A federal judge has tossed out a lawsuit against Starbucks alleging the company defrauds its costumers by under-filling drinks.
The plaintiff, Alexander Forouzesh, brought the claim against the coffeehouse claiming they defraud customers “by advertising its cold drinks as containing more liquid than they do by ‘underfilling’ its cups with liquid and then adding ice to make the cups appear full.” Plaintiff alleged that the underfilling is so pronounced that a 16 liquid ounce “grande” drink will have only 12 liquid ounces of coffee. Forouzesh claimed the underfilling practice constituted breach of warranty and unjust enrichment.
In this case the court would have to determine whether the law’s archetypal “reasonable person” would be misled by the companies labeling practices.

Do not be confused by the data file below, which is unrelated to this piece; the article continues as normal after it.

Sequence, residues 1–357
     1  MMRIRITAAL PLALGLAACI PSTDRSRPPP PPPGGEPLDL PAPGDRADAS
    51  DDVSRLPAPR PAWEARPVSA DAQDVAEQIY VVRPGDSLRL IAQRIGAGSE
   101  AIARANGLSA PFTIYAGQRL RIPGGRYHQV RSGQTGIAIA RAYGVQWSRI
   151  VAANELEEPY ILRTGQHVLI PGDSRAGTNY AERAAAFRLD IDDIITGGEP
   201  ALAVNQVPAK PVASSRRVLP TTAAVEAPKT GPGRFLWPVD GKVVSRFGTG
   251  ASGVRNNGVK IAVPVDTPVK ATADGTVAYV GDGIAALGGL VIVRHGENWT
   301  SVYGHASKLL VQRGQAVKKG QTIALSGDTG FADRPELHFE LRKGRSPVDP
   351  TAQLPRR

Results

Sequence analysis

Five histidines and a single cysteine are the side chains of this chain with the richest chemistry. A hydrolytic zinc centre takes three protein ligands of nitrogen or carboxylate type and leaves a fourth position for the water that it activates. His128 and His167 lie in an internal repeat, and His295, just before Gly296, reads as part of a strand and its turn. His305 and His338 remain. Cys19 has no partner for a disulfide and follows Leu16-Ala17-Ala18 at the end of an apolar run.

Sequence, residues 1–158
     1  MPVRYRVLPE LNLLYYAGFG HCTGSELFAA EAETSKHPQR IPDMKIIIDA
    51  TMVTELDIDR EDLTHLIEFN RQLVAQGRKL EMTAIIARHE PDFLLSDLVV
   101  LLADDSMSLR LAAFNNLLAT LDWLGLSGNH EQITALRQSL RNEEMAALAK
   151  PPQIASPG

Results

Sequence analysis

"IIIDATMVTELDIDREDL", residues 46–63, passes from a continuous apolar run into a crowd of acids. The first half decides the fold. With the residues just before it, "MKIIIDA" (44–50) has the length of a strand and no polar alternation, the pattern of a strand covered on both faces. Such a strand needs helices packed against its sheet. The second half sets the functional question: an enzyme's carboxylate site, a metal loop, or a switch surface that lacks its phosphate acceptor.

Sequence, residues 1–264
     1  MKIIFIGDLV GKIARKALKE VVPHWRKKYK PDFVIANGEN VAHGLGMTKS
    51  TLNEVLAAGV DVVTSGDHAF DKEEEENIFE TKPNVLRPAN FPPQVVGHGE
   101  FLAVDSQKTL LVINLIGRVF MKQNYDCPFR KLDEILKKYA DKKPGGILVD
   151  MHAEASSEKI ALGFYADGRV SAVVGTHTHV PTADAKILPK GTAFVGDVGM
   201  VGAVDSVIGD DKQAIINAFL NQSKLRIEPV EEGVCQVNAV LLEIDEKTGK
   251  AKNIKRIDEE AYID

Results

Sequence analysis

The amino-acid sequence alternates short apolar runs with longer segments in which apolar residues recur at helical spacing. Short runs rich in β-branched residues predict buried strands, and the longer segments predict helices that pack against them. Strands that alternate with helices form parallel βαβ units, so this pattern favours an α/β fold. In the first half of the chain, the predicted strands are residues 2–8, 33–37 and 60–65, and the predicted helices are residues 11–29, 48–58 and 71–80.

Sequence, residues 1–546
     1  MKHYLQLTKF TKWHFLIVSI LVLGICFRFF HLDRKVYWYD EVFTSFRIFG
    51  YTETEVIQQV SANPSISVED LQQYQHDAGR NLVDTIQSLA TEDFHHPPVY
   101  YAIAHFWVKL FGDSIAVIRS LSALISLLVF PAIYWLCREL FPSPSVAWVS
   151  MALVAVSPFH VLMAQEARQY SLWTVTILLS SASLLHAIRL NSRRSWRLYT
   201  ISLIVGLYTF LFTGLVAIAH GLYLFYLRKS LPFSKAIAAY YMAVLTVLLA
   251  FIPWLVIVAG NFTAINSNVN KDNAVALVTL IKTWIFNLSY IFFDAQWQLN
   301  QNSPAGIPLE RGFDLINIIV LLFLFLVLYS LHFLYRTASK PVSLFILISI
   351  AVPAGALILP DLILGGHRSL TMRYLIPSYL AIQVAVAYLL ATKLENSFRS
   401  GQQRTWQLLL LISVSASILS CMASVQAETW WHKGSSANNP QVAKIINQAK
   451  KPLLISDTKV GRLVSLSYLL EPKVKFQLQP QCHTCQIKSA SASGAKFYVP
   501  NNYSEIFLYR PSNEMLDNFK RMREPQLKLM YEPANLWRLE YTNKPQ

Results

U.S. District Court Judge Percy Anderson quickly dismissed the case, expressing little patience for Forouzesh’s arguments. In dismissing the case, Anderson wrote that no child could possibly be misled by Starbucks’s advertising practices, much less its adult consumers.
“If children have figured out that including ice in a cold beverage decreases the amount of liquid they will receive, the Court has no difficulty concluding that a reasonable consumer would not be deceived into thinking that when they order an iced tea, that the drink they receive will include both ice and tea and that for a given size cup, some portion of the drink will be ice rather than whatever liquid beverage the consumer ordered,” Anderson wrote.
“It’s disappointing to see that the judge didn’t recognize the viability of the claims and the merits of the case,” Justin Farahi who represented Forouzesh, told Jacob Gershman of the Wall Street Journal.
A similar suit against Illinois is currently underway in Illinois.
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